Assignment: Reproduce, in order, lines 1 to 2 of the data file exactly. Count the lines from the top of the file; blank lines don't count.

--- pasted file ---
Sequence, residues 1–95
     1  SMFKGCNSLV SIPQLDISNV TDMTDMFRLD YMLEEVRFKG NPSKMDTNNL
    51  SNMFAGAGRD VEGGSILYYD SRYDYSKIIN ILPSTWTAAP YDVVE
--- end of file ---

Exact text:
Sequence, residues 1–95
     1  SMFKGCNSLV SIPQLDISNV TDMTDMFRLD YMLEEVRFKG NPSKMDTNNL